Asking such questions of believers is a exercise in pure futility.

zenvelo's avatar

@tom_g I have answered the original question as best I could,but the original question is based on an incorrect premise.

tom_g's avatar

@zenvelo: “The soul doesn’t control or influence the brain or the physical, you’re conflating spiritual center with the physical body. Our behavior is not ruled by our souls.”

Does this mean that there is no connection between the soul and the self? Does the soul have characteristics? In other words, does the soul influence in any way (not “rule”) behavior, intention, desires, etc?

Edit: If the premise of the question is incorrect, and nobody is able to discern why that is, it might help to explain rather than simply asserting that the premise is incorrect.

tom_g's avatar

Let’s try it this way. Maybe this will help…

If @LostInParadise has incorrectly defined the soul, could someone define what the soul is?
And in defining it, it would be helpful to tie it back to @LostInParadise‘s question. If, for example, the soul simply does not manifest in any way or reflect what we consider to be a person, does this mean that the soul is without definition or character in any way?

Dr_Lawrence's avatar

The “mind” is an inferred construct that is one of the ways we know we have a functioning brain. Our souls don’t control our behaviour. The way we make moral choices influences the health of our souls. Of course, we have to choose to belief that we have immortal souls. There is no scientific way to validate the existence of a person’s soul. That is a matter of belief or faith only.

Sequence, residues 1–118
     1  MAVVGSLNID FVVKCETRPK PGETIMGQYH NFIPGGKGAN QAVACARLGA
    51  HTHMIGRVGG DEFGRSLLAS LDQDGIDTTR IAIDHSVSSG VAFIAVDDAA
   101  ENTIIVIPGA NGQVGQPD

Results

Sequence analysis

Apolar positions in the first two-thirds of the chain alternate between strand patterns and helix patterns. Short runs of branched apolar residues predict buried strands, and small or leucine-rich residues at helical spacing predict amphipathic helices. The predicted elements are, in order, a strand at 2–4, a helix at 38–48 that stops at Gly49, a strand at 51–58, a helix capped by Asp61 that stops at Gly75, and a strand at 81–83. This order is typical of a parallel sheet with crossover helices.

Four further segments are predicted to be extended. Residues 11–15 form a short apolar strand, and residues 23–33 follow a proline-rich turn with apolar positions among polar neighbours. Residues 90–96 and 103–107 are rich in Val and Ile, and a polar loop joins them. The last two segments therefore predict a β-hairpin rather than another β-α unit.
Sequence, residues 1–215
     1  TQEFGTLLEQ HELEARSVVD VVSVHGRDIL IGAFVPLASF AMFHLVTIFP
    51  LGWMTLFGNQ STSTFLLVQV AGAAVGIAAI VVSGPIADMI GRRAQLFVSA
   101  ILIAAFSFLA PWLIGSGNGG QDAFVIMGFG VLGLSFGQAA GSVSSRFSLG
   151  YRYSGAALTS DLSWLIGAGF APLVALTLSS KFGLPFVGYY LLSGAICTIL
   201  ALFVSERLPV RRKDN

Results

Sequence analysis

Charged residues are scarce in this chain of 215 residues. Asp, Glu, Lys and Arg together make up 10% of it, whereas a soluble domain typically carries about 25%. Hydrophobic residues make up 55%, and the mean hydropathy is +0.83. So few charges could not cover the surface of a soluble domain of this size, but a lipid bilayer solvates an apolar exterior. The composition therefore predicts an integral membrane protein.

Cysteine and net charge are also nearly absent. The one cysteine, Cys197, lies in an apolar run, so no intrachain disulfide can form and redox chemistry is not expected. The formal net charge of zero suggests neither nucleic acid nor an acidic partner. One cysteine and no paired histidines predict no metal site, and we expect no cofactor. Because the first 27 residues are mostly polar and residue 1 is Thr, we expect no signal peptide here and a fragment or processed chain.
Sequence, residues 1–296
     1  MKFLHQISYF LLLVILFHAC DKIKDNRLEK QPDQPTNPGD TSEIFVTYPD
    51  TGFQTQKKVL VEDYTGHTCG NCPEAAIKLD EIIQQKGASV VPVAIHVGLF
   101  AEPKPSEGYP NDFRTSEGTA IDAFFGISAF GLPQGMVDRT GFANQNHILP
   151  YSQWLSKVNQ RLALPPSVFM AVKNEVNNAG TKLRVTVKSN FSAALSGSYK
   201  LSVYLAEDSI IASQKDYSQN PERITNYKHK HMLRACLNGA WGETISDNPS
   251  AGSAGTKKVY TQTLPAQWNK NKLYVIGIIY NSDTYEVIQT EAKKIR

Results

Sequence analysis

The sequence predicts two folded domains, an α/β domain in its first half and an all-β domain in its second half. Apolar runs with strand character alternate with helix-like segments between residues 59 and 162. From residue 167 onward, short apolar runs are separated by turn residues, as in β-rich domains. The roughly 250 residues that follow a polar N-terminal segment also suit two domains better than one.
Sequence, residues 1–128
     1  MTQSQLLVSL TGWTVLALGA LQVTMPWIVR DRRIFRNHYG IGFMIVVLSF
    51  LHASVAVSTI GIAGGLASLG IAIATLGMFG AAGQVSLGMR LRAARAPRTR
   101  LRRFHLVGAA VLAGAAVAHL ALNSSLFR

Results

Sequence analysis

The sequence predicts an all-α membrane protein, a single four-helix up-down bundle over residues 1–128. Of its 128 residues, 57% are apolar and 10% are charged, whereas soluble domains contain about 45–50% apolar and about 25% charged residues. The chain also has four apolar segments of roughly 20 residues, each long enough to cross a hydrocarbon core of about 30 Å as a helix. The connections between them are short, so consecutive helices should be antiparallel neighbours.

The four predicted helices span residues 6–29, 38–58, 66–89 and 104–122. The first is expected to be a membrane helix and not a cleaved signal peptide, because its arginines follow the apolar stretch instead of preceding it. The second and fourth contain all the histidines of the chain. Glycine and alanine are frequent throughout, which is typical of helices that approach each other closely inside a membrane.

Blondesjon's avatar

When I still believed in an afterlife I came to the conclusion that Heaven or Hell for eternity didn’t cut it. The brief moment that our souls we encased in human form couldn’t determine where we spent forever, could it?

I started to believe that the soul was a real, eternal entity, the core of what I was regardless of the box it came in. I reasoned that basic morality governed the condition of the soul. If I was ‘bad’ I was damaging my soul the same way that smoking cigarettes damages the heart and lungs. If I was ‘good’ then it was like I was taking my soul to the gym and buffing it up.

My ideas of ‘good’ and ‘bad’ were very basic in terms of how they affected my soul.

‘Good’ wasn’t going to church or paying your taxes. ‘Good’ was helping when help was needed and loving when there was none to be found. ‘Bad’ wasn’t cursing or sleeping in on Sunday. ‘Bad’ was causing hurt to others or myself. How I lived my life on those terms would determine what kind of shape my soul was in when my human form finally wore out and died.

This mattered to me because I thought that an infinite universe contained infinite ‘levels’ of existence. The condition of your soul upon exiting one level would determine where you ended up next. I saw it as a metaphorical ladder stretching both up and down forever. Each rung ‘up’ represented something new and different as you approached, but never reached, infinity. Each rung ‘down’ meant you needed to try again until you got it right. The condition of your soul upon physical death would determine which way you traveled on the ladder.

Since then I have come to the conclusion that this is, unfortunately, the only go around that we get. I realized that my own ideas still boiled down to a fear of death and no longer existing. It hasn’t stopped me from living my life in terms of how I view good and bad. It simply makes me appreciate the time that I have a whole helluva lot more.